The next game was an exercise in frustration as I had a strong opening hand, got ahead, needed only a smooth mana draw to take it home and then failed to find the land I needed despite repeated Explorer’s Scope activations. At the same time the lag on MTGO was getting so bad I needed to repeatedly log off and back on again just to force the game to update. All the logging on and off eventually took its toll as my opponent was able to take advantage of my mana stutters to take the second and I timed out in the third in a winning position.

I dutifully emailed in my second event compensation request for the weekend straight afterwards. I’m happy to fight through some technical problems as long as they don’t cost me. In this case the frequent disconnects eating up ten or more minutes of my clock proved terminal. All the more frustrating as the next card was a Tempest Owl that, kicked up, would have finally broken through my opponent’s defense.

At this point I was angry enough that a break seemed a good idea. The technical problems aside, I find it quite funny that the Zendikar mechanics take one of the most frustrating aspects of Magic, that if-only-I-could-draw-that-f**king-land feeling everybody has at some point, and totally magnifies it. It’s especially ironic MaRo was talking this week about the land-based mechanics that didn’t make it because of the unfunness of them.

After a few Zendikar drafts on Saturday morning I was literally on the verge of punching holes in the wall from the frustration factor and I don’t even have the competitive spark I used to. It did make me think whether the land matters theme of Zendikar is such a good thing when one of the biggest sources of variability (and annoyance) in Magic comes from the uneven land draws. Landfall just makes that aspect of the game even swingier. I did wonder if this was going to be another draft format I’d end up hating like Shadowmoor.

Of course I’m a Magic junkie so by nightfall I was back online and cracking open the virtual packs.

Draft 8 (Green-Black)

Blegh. Slow and crap. The fact that the deck had two Vastwood Gorger in it tells you about as much as you need to know.

MTGO was still not in the mood to give me much loving. Up against a mono-green deck I mulliganed and failed to find a second forest or much land in general and kept drawing fat creatures I couldn’t cast while they kicked my face in with a Woodcrasher. Game two and it was they who had the mana problems. It didn’t matter as my deck couldn’t beat a River Boa by the looks of things. I ended up keeping two Vastwood Gorger at home because I didn’t want to give him an opportunity to get Quest for the Gemblades active. No removal appeared for ages, and when it did I killed things that didn’t matter — a Scute Mob when the fifth land appeared, even though I had a Giant Scorpion sitting around to take care of it. An Oracle of Mul Daya with my last removal when I needed to wait and kill whatever the Savage Silhouette on top of his library was going to go on.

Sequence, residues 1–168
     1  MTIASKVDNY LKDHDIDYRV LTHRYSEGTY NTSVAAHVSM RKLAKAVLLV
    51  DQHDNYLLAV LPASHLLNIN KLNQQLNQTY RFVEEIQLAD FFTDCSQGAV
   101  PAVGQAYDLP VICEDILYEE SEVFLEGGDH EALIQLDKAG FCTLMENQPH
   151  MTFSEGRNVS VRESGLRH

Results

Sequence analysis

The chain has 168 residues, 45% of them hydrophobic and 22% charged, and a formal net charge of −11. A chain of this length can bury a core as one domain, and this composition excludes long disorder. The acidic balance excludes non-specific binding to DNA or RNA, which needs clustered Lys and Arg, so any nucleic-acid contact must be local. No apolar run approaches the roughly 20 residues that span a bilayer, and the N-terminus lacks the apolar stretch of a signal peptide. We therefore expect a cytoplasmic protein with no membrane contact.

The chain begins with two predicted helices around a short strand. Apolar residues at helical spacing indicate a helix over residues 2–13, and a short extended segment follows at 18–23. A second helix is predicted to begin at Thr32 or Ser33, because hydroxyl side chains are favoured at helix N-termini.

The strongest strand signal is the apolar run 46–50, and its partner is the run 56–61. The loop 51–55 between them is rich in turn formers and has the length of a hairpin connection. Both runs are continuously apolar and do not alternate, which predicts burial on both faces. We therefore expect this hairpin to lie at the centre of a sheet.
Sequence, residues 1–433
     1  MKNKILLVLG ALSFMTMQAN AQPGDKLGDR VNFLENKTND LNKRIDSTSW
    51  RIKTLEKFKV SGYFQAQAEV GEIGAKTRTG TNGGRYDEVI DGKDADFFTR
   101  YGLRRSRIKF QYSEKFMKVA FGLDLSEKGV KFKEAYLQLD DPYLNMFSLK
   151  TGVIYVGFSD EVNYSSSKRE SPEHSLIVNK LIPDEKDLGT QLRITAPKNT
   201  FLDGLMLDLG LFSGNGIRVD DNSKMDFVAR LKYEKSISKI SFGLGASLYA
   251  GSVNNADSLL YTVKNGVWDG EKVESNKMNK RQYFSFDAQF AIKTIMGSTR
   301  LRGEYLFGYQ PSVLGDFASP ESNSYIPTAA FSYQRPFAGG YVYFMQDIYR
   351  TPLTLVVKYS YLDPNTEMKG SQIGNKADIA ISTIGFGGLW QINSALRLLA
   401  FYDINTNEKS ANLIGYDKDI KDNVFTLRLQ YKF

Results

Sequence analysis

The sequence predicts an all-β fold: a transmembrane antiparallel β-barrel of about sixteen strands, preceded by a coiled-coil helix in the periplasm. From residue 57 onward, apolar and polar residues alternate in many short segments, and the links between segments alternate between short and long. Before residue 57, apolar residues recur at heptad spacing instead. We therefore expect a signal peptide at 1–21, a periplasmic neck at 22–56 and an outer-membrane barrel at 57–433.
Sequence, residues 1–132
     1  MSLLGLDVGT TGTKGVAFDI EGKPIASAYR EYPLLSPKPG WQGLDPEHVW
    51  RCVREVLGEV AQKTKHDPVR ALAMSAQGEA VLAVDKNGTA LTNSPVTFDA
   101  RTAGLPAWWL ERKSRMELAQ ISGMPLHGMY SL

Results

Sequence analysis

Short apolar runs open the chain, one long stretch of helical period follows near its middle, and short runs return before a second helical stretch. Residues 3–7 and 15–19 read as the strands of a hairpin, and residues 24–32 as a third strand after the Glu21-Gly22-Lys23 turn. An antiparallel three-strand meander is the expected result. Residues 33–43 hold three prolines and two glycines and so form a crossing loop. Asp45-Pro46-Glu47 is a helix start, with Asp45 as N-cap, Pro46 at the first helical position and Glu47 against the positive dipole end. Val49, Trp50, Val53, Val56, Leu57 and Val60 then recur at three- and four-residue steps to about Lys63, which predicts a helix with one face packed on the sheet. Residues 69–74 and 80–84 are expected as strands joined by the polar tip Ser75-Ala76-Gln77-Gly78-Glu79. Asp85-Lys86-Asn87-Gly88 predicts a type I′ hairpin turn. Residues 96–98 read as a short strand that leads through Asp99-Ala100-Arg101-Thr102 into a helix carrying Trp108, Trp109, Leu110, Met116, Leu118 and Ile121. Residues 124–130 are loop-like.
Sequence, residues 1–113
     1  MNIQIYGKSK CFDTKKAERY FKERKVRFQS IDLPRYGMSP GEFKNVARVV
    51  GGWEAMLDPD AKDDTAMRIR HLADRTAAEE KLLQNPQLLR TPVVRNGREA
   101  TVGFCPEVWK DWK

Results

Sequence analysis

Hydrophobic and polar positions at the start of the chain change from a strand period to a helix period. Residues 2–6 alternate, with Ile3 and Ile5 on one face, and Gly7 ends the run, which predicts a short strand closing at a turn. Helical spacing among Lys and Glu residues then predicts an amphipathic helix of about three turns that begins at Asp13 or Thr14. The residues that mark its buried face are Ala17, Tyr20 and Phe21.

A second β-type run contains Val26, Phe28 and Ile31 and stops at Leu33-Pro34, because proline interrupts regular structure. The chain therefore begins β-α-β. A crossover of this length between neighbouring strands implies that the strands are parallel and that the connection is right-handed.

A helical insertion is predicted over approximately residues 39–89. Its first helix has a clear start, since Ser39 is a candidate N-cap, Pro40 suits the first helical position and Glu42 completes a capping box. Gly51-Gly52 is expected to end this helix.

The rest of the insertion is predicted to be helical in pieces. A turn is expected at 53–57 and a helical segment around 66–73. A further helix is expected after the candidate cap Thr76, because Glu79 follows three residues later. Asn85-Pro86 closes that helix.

Classic On Tilt signs. Usually that’s a good time to take a deep breath, go do something else and come back when the red mist has gone away.

Not me. I’m too dumb for that.

Draft 9 (Blue with a splash)

And the frustration continued.

This was actually one of the tougher decks to build. I started out blue-white and then opened Ob-Nixilis, the Fallen in pack two. I wanted to move into black, but there wasn’t any. All I saw was a Bog Tatters. At the end I was almost mono-blue. Adding white took me to around 26 playables, but as the cards I wanted to take out were all white, that left me with about three white cards in the deck and splashing for cards like Pillarfield Ox and Kor Hookmaster isn’t very exciting. Actually the more compelling reason to play white was to do silly things with Living Tsunami and Kabiri Crossroads.

I went with the white and regretted it as I was quickly outclassed game one by a Greenweaver Druid powered out Woodcrasher. My opponent was running swamps so the white vanished in favor of Bog Tatters and Ob Nixilis and some Cancels to get the playables up to 22. Game two it was irrelevant as a Grappling Hook equipped Living Tsunami quickly made short work of my mana-screwed opponent. MTGO continued it’s hatefest in game three as I got stuck with Ob Nixilis in hand and could never find a second swamp even with the help of Sphinx of Lost Truths.

Draft 10 (Green-Blue)

Not having learned anything, I still ended up with forests. This deck was actually fairly savage though. Savage Silhouette and Turntimber Basilisk is a nasty combo and I had two of each. Throw in rares like Beastmaster’s Ascension and Terra Stomper and you get a deck with firepower.

MTGO was still in the mood to screw with me. Well, actually it was more me being an idiot. Keeping land and spells is no good in a fast format if the spells are all fatties. Also making River Boa and then tapping out to pump it with Oran-Rief, the Vastwood is taking one of your toughest critters and handing it to your opponent (especially when they’re red-black) on a silver platter all tied up with bows. Basilisk combo was enough to pull the deck through the next game and I think I might have got an active Beastmaster’s Ascension in game three.

Round two and I handed out a savaging, which was less impressive considering my opponent had mana problems in game one and didn’t really do anything in game two.

Another final, another mauling from a black-blue deck. Another sh**ty draw as well as I mulliganed to five in the second game. The first game had a bit of back and forth, but Hideous End tends to have the final say when it comes to racing. I suspect I made a wrong decision by using Whiplash Trap too early instead of getting Beastmaster’s Ascension down.